Political violence must be unambiguously repudiated
OPINION:In 1974, the Achilles Heel of the power-sharing executive in the North was the North-South arrangements, against which an unconstitutional Protestant strike was to bring the executive down. While the institutions arising from the Belfast Agreement eventually collapsed in 2002, they were restored under new conditions after the St Andrews agreement of 2006, entrenching mutual sectarian vetoes. And, since 2007, they have appeared stable and secure.
But they, too, have a point of vulnerability. North-South collaboration today shows how ideological were the stances taken in 1974 against the removal of the Republic’s territorial claim over the North and in support of a baroque Council of Ireland as a putative half-way house to a unitary state. The trouble today, however, is the past.
Orwell famously said he who controls the present controls the past, and he who controls the past controls the future. That’s why there is so much at stake in the struggle to control the meaning of the third Home Rule crisis, a century on.
This month’s centenary is of the establishment by the Ulster Unionist Council – forerunner of the Ulster Unionist Party which governed the breakaway Northern Ireland as a one-party monopoly – of the paramilitary Ulster Volunteer Force, following a year of public drilling.
With members of the imitation UVF, reformed as a precipitating agent to the “Troubles” in the mid-1960s, involved in the recent violent protests against the regulated flying of the union flag, the organisation will over the weeks ahead be keen to burnish its historical credentials.
The formalisation of the UVF was the sequel to the Ulster Solemn League and Covenant against Home Rule four months earlier. The covenant had spoken the language of citizenship and resonated with the broad mass of Ulster Protestants – nearly half a million signed it – fearful that Home Rule would undermine their socio-economic standing as well as subjecting them to a Catholic political majority in Ireland.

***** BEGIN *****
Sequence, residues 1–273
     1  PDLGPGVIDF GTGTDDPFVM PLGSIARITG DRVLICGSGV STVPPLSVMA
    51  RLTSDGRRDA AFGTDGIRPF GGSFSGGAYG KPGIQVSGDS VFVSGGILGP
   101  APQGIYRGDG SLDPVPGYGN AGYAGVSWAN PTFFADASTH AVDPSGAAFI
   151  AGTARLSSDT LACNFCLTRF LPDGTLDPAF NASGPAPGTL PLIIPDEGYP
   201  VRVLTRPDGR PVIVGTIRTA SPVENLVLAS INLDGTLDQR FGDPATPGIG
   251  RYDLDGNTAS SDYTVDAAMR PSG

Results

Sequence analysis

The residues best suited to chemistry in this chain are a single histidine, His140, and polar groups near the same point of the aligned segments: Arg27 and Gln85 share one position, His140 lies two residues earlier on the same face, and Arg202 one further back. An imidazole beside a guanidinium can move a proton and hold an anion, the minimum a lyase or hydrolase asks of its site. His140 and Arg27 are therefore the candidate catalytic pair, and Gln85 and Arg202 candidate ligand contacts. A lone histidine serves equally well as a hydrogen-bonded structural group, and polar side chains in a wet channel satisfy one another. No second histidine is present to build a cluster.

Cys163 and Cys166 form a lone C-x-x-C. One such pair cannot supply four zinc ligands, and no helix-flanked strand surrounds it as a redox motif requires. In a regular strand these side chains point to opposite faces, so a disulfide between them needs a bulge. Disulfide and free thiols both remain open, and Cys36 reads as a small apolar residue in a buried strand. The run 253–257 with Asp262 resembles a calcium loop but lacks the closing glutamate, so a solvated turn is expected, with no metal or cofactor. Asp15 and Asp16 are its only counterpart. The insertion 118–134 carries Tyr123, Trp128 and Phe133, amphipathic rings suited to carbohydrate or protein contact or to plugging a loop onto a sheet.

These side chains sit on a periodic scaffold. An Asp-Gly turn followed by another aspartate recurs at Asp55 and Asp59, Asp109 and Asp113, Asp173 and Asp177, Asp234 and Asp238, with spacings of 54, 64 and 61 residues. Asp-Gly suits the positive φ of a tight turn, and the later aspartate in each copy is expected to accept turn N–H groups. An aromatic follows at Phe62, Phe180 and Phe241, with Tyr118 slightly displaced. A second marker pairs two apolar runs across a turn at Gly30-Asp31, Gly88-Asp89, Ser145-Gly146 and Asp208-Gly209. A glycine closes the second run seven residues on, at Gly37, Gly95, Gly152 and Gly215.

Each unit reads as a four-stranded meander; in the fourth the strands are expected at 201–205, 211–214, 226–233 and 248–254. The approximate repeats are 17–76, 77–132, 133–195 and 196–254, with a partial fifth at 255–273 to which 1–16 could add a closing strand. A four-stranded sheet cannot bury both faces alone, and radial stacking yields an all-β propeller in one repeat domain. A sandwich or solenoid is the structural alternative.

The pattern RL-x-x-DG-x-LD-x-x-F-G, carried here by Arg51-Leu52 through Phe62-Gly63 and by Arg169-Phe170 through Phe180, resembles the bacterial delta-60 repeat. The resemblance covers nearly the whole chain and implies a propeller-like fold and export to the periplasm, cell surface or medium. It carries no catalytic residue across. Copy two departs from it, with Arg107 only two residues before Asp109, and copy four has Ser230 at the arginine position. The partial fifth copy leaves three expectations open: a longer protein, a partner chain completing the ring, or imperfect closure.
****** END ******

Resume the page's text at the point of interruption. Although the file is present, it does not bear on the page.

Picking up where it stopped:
It is now clear that they had a case: living standards in the South after partition never did catch up with those in the UK until the Celtic Tiger, and the role of the church in institutional abuse of children and single parents has now been fully brought to light. But in eliding Protestantism with the citizens of “Ulster”, the covenant foreshadowed the “Protestant parliament for a Protestant people” which institutionalised discrimination and oppression of the Catholic community in the Northern state.
Worse even than that, the covenant wilfully misrepresented the democratic decision by the UK parliament – to which all Irish men (but not women) qualifying for the pre-1918 franchise could send representatives – to introduce a Home Rule Bill for the third time in 1912. It darkly threatened resort to “all means which may be found necessary” to defeat what it labelled this “conspiracy”.
The covenant was thus to give credence to the launch of the UVF in a poisonous political atmosphere in which elected Protestant leaders such as Edward Carson and James Craig – and their British Tory allies including the party leader, Bonar Law – were unabashed about patronising anti-democratic revolt against the Liberal government at Westminster.
Gun-running to Larne and the Curragh mutiny of British army officers in 1914 elaborated this constitutional subversion.